What is a Landing Page? Well, you’ve likely visited one a million times and didn’t know it. A landing page is a page on the internet that houses a limited amount of information, and is designed simply to link you to another page. Think of it as a middle ground between two points, or a short stop in between websites.
Landing pages have a variety of uses. For example, they can be used to unite your content online. If you have work that’s being published elsewhere on the internet, but you also want the people who check your personal website to know about it, using landing pages may come in handy. Just make a blog post with a photo, a quick blurb, and an external link to your offsite content. This way you’ve made sure your work appears on your site, while simultaneously promoting your content that may be housed elsewhere.
There are additional advantages to creating landing pages that you may not have considered. Having an extra page online means more tags, more links, and your name appearing in more locations. With that comes more search engine hits, more people clicking your links, and more revenue being generated for your content.
You may use a landing page to lure in traffic from new places. Tweeting out a link to a landing page is a great way to promote two things at once – your site and the site you’re linking to. Landing pages can also be used to help get a better idea of who is visiting your site, by providing a controlled way in which people can enter. Additionally, some marketers will create landing pages and fill them with ads, just to get a sense of how effective the ad may be in the future. You can learn a lot from a click.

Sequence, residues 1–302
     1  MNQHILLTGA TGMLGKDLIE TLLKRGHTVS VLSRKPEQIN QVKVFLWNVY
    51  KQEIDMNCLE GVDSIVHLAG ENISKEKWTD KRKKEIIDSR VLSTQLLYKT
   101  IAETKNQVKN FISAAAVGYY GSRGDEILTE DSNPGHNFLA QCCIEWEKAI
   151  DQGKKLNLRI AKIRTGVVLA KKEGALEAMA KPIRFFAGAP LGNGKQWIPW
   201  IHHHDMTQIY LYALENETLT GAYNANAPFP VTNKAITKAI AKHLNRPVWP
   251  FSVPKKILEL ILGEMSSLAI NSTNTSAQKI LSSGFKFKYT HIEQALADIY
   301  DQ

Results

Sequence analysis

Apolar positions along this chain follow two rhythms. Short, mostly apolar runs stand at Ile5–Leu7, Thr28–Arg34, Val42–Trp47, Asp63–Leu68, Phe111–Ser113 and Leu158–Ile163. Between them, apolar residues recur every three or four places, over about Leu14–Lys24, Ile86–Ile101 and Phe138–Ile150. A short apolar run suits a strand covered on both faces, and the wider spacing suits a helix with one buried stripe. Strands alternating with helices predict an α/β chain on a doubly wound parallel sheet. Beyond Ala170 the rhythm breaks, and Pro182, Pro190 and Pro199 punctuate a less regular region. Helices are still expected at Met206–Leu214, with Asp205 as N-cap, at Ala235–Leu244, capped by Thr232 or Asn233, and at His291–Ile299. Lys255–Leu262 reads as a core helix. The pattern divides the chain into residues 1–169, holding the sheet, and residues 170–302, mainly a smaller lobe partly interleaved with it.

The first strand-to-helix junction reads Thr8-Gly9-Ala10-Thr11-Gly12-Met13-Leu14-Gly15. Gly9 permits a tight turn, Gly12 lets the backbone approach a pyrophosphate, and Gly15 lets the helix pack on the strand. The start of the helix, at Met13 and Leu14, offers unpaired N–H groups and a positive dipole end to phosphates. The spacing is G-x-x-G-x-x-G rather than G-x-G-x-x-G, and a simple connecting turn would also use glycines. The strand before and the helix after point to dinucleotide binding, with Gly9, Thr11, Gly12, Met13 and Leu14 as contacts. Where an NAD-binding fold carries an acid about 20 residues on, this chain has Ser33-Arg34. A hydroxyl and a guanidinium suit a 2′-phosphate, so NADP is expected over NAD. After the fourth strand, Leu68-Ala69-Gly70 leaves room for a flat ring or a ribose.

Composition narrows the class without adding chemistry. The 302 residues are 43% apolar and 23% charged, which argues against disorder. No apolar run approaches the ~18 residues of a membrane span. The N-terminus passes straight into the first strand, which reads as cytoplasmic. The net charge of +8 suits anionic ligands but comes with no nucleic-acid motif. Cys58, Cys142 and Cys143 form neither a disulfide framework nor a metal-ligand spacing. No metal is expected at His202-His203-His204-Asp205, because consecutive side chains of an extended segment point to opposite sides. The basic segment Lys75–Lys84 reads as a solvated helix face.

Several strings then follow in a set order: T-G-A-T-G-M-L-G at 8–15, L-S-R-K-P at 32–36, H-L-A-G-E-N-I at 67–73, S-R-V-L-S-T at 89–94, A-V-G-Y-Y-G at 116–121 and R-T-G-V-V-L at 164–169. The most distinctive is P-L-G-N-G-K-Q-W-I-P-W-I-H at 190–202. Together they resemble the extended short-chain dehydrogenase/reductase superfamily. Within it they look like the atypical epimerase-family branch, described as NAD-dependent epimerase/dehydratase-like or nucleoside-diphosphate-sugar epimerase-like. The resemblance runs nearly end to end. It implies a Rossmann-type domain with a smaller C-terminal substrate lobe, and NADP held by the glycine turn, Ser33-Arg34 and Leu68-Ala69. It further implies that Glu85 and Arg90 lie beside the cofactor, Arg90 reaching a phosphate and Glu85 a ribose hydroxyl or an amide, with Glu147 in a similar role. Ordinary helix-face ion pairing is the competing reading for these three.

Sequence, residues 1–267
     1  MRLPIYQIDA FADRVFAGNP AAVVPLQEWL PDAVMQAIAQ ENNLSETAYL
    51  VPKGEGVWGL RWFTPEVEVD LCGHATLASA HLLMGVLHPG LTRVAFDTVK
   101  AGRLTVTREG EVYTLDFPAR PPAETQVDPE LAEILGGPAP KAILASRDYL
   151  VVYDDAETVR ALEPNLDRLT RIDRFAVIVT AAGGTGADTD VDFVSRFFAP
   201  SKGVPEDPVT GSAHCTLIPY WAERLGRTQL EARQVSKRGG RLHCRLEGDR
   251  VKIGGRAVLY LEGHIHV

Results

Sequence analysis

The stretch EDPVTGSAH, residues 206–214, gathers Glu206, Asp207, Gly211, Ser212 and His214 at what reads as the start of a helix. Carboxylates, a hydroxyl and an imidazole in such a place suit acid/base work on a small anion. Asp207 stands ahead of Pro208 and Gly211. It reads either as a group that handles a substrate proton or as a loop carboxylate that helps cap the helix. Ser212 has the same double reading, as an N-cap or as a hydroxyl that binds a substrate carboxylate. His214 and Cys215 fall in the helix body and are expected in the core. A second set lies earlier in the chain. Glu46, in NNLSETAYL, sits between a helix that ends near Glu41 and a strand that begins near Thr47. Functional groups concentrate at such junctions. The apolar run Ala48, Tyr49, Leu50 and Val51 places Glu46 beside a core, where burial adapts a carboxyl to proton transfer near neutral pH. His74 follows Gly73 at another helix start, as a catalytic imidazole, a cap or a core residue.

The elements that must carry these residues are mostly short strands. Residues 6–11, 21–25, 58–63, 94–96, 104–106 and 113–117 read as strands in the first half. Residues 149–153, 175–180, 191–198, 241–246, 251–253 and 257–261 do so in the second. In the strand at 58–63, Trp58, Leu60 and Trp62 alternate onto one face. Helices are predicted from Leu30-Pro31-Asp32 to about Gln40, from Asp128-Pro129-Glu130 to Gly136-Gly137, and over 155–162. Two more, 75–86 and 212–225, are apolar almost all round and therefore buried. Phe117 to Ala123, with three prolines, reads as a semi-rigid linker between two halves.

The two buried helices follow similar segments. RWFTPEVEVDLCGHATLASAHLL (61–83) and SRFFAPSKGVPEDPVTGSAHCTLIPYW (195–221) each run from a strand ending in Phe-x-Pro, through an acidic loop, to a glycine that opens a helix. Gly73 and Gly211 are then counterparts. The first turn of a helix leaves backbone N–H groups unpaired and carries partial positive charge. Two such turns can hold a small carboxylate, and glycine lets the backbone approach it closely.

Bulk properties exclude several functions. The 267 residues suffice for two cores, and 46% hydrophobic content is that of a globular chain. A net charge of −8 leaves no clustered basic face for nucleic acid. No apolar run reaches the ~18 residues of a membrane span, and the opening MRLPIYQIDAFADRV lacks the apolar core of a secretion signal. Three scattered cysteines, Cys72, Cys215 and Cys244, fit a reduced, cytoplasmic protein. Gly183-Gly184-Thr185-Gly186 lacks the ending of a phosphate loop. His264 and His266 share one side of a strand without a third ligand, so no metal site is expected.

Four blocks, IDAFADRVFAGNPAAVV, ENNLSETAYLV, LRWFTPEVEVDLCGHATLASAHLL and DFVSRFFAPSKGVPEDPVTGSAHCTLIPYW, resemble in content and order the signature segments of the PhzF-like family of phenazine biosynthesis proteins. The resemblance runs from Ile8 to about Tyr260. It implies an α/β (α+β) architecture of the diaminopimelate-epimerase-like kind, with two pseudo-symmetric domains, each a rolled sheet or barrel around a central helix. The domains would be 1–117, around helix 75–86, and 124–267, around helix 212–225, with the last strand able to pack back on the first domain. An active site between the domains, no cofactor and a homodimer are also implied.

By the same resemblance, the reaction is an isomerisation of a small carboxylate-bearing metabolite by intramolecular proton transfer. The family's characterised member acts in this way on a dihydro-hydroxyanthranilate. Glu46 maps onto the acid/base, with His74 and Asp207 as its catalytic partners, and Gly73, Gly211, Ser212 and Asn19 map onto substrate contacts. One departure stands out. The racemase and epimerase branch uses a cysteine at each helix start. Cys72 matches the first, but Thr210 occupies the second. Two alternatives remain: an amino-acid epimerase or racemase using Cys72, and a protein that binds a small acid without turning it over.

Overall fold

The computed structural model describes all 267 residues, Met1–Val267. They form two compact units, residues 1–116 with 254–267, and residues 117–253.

But landing pages aren’t all great – you have to be smart about them. Posting too many ads, linking multiple landing pages together, and otherwise annoying the crap out of your visitors are never good ideas. If you’re going to start using landing pages, make sure you’re being smooth about it. Don’t turn them into a hassle; after all, you want people to come back to your website in the future.
The key to success is to keep your landing pages short and sweet. Tease your content with them, but don’t give too much information away until after they’ve clicked the next link. Think of a landing page as a cover to a book – you want people to open it, so the cover has to be inviting. But don’t spoil the ending until after people have finished clicking.